However, several members expressed a willingness to move to more “aggressive” restrictions now as a precautionary measure. Hatch advised them that the data didn’t merit those measures yet, but it may in the future.

“I want our public to step up, and I have confidence that our public can,” Hatch said. “And the data is suggesting that (existing measures) are working, so I’m willing to take a step approach to this.”

Previous modeling predicted that, by April 1, Utah would see 400 new cases of COVID-19 per day. Currently, the state is seeing 100 cases per day, Hatch said.

“That moves our decision point down a little bit further. It gives us time to watch to see if the measures in place are being effective,” Hatch said.

Davis County’s rate of COVID-19 cases per 100,000 is 22.75, Hatch said. This indicates that the county is doing relatively well despite having the third highest number of cases in the state behind Salt Lake and Summit counties, which report 360 and 167 cases, respectively, according to coronavirus.utah.gov as of Tuesday.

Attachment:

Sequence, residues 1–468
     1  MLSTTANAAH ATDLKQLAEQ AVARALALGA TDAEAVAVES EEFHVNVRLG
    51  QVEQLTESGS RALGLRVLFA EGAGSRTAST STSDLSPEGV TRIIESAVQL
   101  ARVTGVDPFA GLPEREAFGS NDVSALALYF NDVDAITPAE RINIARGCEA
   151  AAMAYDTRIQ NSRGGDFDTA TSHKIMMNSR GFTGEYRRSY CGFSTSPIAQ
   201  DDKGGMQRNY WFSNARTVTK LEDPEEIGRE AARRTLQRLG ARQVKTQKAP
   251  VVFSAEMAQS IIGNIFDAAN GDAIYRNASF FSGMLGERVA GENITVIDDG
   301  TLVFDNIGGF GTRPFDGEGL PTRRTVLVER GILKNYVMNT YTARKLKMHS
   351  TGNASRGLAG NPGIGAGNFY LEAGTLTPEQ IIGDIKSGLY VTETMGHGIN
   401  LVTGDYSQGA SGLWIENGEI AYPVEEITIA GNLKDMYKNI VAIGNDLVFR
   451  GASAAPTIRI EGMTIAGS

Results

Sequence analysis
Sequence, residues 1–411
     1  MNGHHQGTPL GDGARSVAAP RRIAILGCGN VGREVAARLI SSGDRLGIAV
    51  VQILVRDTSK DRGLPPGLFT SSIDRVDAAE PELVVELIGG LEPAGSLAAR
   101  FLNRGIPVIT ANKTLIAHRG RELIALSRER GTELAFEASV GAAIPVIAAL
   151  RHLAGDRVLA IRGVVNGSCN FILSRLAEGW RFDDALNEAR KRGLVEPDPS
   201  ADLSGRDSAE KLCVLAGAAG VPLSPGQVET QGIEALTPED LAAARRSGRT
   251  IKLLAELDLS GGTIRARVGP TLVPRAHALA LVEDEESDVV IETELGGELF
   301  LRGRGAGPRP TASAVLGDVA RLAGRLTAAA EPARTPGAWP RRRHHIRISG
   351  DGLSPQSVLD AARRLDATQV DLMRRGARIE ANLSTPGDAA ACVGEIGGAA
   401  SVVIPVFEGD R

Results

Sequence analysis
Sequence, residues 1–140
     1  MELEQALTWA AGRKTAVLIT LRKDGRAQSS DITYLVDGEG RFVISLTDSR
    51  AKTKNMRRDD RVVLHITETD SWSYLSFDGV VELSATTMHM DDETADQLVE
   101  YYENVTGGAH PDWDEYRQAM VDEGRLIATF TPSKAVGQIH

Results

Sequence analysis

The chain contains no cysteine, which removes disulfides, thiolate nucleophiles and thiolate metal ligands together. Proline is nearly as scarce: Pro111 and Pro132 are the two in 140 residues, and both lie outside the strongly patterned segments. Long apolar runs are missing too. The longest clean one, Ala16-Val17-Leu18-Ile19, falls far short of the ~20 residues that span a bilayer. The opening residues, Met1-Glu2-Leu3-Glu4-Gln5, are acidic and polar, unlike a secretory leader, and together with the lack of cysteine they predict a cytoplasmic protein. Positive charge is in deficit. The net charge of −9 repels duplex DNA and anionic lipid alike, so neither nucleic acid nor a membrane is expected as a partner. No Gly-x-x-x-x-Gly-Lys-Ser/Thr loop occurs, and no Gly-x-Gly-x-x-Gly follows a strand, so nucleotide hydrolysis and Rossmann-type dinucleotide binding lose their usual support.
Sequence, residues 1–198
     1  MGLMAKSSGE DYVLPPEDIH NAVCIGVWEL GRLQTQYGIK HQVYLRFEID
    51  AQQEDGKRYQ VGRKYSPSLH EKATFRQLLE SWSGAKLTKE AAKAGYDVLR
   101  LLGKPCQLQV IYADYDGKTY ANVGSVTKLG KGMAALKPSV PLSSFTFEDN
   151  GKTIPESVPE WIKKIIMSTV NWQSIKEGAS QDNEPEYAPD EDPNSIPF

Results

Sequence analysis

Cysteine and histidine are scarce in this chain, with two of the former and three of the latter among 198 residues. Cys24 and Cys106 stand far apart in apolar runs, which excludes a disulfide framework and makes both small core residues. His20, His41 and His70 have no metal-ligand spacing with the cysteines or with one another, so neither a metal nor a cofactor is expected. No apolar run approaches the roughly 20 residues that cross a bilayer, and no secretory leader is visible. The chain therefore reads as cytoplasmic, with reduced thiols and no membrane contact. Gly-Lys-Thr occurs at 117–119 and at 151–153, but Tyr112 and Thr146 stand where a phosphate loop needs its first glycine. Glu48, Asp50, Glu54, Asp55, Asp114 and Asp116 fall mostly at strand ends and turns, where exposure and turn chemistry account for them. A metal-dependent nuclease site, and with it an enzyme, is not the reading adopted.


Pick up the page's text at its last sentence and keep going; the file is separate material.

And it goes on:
“I don’t have the exact (rates) in other jurisdictions right now, but we are faring very well compared to some other counties,” Hatch said. “I know Summit County and Wasatch County are being hit very hard.”

Summit County’s rate is over 300 cases per 100,000, which puts it in the top five counties in the United States, Hatch said. Wasatch County’s rate is over 100 cases per 100,000, putting it in the top 50 in the United States, he said.